Suzanne Lillis

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Ryanodine receptor 1 (RYR1) mutations are a common cause of congenital myopathies associated with both dominant and recessive inheritance. Histopathological findings frequently feature central cores or multi-minicores, more rarely, type 1 predominance/uniformity, fiber-type disproportion, increased internal nucleation, and fatty and connective tissue. We(More)
The main histological abnormality in congenital fiber type disproportion (CFTD) is hypotrophy of type 1 (slow twitch) fibers compared to type 2 (fast twitch) fibers. To investigate whether mutations in RYR1 are a cause of CFTD we sequenced RYR1 in seven CFTD families in whom the other known causes of CFTD had been excluded. We identified compound(More)
The ACTA1 gene encodes skeletal muscle alpha-actin, which is the predominant actin isoform in the sarcomeric thin filaments of adult skeletal muscle, and essential, along with myosin, for muscle contraction. ACTA1 disease-causing mutations were first described in 1999, when a total of 15 mutations were known. In this article we describe 177 different(More)
The skeletal muscle ryanodine receptor plays a crucial role in excitation-contraction (EC) coupling and is implicated in various congenital myopathies. The periodic paralyses are a heterogeneous, dominantly inherited group of conditions mainly associated with mutations in the SCN4A and the CACNA1S genes. The interaction between RyR1 and DHPR proteins(More)
OBJECTIVES To establish the consistency of the previously reported pattern of muscle involvement in a large cohort of patients with molecularly defined ryanodine receptor type 1 (RYR1)-related myopathies, to identify possible additional patterns, and to compare magnetic resonance imaging (MRI) findings with clinical and genetic findings. DESIGN Blinded(More)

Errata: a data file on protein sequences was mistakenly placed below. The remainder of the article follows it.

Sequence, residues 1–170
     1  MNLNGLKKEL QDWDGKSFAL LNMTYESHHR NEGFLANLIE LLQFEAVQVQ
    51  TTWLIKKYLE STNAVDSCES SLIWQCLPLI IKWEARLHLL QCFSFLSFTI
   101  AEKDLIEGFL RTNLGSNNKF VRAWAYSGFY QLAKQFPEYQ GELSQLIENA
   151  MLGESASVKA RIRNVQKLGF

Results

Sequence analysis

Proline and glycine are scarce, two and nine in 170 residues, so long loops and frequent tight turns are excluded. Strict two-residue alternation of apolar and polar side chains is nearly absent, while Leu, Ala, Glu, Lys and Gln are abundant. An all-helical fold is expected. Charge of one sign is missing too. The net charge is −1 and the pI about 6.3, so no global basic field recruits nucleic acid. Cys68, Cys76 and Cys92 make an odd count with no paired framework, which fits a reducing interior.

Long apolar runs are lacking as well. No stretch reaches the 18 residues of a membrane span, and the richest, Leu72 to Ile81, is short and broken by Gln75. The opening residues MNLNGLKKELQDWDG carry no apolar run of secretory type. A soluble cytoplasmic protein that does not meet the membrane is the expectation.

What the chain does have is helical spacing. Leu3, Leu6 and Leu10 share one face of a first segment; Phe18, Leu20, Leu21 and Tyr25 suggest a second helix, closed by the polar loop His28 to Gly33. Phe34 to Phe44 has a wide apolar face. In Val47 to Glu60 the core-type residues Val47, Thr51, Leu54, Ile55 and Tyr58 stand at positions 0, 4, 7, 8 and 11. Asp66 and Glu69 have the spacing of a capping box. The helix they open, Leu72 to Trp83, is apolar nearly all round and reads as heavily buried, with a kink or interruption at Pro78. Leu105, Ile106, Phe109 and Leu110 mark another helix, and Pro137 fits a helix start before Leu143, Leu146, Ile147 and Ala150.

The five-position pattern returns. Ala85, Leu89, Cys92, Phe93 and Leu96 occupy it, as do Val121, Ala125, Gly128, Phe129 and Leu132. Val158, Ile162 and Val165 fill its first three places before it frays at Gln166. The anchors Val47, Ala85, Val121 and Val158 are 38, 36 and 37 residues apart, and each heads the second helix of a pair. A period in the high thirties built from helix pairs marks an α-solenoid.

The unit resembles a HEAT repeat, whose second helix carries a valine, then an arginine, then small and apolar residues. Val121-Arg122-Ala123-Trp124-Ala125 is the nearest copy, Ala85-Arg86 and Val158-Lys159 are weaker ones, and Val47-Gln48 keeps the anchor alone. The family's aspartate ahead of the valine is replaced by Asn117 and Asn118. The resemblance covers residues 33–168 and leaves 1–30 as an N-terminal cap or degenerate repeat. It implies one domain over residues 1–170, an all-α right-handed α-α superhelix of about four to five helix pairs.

Mutations in the skeletal muscle ryanodine receptor (RYR1) gene have been associated with a wide range of phenotypes including the malignant hyperthermia (MH) susceptibility trait, Central Core Disease (CCD) and other congenital myopathies characterized by early onset and predominant proximal weakness. We report a patient presenting at 77 years with a(More)
Glioblastoma (GBM) is a lethal malignancy whose clinical intransigence has been linked to extensive intraclonal genetic and phenotypic diversity and the common emergence of therapeutic resistance. This interpretation embodies the implicit assumption that cancer stem cells or tumor-propagating cells are themselves genetically and functionally diverse. To(More)
King-Denborough syndrome (KDS), first described in 1973, is a rare condition characterised by the triad of dysmorphic features, myopathy, and malignant hyperthermia susceptibility (MHS). Autosomal dominant inheritance with variable expressivity has been reported in several cases. Mutations in the skeletal muscle ryanodine receptor (RYR1) gene have been(More)
Dynamin 2 (DNM2)-related dominant centronuclear myopathy is usually a mild disorder, but more severe variants have been associated with mutations affecting the pleckstrin homology (PH) domain of the protein, mainly implicated in different forms of Charcot-Marie-Tooth Disease (CMT). Whilst DNM2-related CMT may feature non-neurological findings including(More)
We report a novel presenilin-1 (PSEN1) mutation, I202F occurring in a Welsh kindred with familial Alzheimer's disease. The average age at onset was 53 years. The I202F mutation occurs in alignment with previously reported PSEN1 mutations in the fourth transmembrane domain and confirms that PSEN1 mutations line up along transmembrane alpha-helices.